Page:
p: (609) 631 - 4158 option 2
Six Pillars of Character
Trustworthiness: Believe, expect and conduct oneself in an honest and truthful way.
Respect: Conduct oneself with the willful concern for the rights of others and the desire to protect and preserve the values of all things – living and nonliving.
Responsibility: Choosing to act with self-control and consideration for others because it is the right thing to do, whether or not one is rewarded for such actions.
Fairness: Determining that fairness is often a subjective conclusion and that absolute equality is not always viable. One must judge an action wholly by its intent as well as its outcome. One must understand that circumstances change and expectations cannot always be fulfilled.
Caring: Best demonstrated through acts of kindness, compassion, and understanding, sharing and helping. Caring for loved ones, living and nonliving things empowers children as well as gives children a sense of being needed and appreciated.
Citizenship: Recognizing that one is a citizen of many groups such as the classroom, school, family, community, country and world. Learning to embrace the responsibilities that come along with being a part of said groups.
Personal, social, and emotional difficulties.
Classroom guidance instruction
- Related to bullying prevention
- Win-Win guidelines
- Disability awareness
- Career awareness
- and many other lessons!
- Kids Issues in Divorce and Separation (KIDS)
- Social Skills Group Friendship
- Additional groups as needed.
When To See Ms. Larkin
- Having trouble making friends
- Is anxious about attending school, or completing school work
- Having a problem with family or friends
- Experiencing the loss of a loved friend, relative, or a pet
- Experiencing a divorce, marriage, new sibling, or other change in the family.
Please note that school counseling is provided less frequently and is less intense than counseling provided by a counselor outside of the school system. If you need help finding a counselor or other mental health care provider for your child or family, please contact Ms. Larkin
Special Programs and Assemblies
Kids on the Block -a puppet show presented each year, usually in November, to First and Third Grade students about child abuse.
Child Abuse Prevention (CAP) -a presentation for Second Grade students about staying safe from strangers.
Camp Fire USA - The "Count on Me Kids" program is presented to First Grade students and the "Caution Without Fear" program is presented to Fourth Grade students each year. For more information, you can go to Campfire's website. First grade students participated in "Count on Me Kids" sessions from January to March.
Big Brother, Big Sister - This program provides one-on-one interactions with a college student who was selected to be a Big brother or Big sister to an elementary school student. They will help the students with any issues they may be having, help them with homework, or play games while they visit the little brother or little sister at school.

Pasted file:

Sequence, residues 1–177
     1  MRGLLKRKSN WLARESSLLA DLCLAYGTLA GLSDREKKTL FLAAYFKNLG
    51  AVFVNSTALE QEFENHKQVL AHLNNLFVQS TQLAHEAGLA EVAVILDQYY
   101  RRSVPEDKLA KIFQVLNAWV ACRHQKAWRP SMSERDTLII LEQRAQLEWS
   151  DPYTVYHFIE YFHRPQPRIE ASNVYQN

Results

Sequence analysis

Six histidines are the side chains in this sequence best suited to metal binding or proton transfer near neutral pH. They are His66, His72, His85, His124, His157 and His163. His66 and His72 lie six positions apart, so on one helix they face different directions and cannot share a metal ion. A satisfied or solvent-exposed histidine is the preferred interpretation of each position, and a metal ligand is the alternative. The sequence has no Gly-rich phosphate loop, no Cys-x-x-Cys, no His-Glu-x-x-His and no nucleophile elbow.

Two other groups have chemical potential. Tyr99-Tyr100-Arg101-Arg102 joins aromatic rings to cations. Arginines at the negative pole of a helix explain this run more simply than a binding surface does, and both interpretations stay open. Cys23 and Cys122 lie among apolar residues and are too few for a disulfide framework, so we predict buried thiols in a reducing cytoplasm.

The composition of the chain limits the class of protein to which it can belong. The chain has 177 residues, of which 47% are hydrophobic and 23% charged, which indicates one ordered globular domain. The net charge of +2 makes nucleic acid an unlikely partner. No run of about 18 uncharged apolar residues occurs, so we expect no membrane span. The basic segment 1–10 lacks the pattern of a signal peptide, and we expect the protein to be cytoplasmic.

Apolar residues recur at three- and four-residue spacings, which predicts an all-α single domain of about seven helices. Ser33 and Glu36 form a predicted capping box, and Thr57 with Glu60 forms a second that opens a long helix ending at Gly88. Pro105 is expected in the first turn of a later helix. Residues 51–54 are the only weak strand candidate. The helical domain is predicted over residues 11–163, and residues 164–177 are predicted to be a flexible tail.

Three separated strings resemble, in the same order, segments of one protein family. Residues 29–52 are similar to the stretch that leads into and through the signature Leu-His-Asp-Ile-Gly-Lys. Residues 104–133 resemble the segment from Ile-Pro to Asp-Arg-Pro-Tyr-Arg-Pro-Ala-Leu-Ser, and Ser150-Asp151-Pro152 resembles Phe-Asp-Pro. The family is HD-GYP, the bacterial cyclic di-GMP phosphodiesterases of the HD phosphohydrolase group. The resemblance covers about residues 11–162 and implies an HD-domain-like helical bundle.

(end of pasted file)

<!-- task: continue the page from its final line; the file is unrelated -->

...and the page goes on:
PALS - is a peer leadership training program for selected fifth graders at McGalliard School. The PALS program teachers students to help others within their school setting. Through PALS training, students will improve their communication and listening skills, gain leadership strategies, learn how to peacefully solve conflicts, assist with the academic skills of younger students, and promote good character throughout the student body.
Students may apply to become a PAL at the end of fourth grade, and will be required to complete a written application and participate in a two part interview process. Acceptance into the program is based on numerous criteria.
Tips For Parents
- Encourage your child to report any bullying incidents to you and help to educate your child know the difference between bullying and bothering.
- Validate your child's feelings. It is normal for your child to feel hurt, sad, and angry.
- Ask your child how he/she has tried to stop the bullying. Asking questions is a wonderful way to have your child do the thinking.
- Ask how is he/she going to solve this. We want the child to do the thinking before we jump in. See how many options he can come up with.
- Coach your child in alternatives. Ideally the best solution is having your child solve this without anyone interfering. Most of the time unfortunately, this isn't possible. Share these strategies: avoidance is often an excellent strategy, playing in a different place, play a different game, stay near a supervisor, look for new friends, join social activities outside of school.
- Talk with your child's teacher. Make sure they are aware of what is going on.
- Encourage your child to seek help from other school personnel.
- Volunteer to help supervise activities at school.
- Do not ignore your child's reports. Ignoring them sends the wrong message.
- Do not confront the bully or the bullies' family.
- Teach your child how to defend him or herself.
- Teach self-respect.
- Give numerous positive comments to your child.
- Avoid labeling or name-calling.
- Let your child know it is okay to express their anger. There are positive and negative ways to express anger, we want to teach and model the positive ways.
- Let your children stand up to you now and then. It makes it more likely they will stand up to a bully.
- Stress the importance of body language.
- Teach your child to use 'I' statements.
- Teach positive self-talk.
- Teach how to use humor, 'out crazy' them. For example, if the bully says to Keith, "Hey, boy you're ugly." Keith can respond in a couple different ways:
- "Thanks for sharing"
- "Yes, I know, I always have been"
- "Yes, today's lunch was disgusting" then walk away.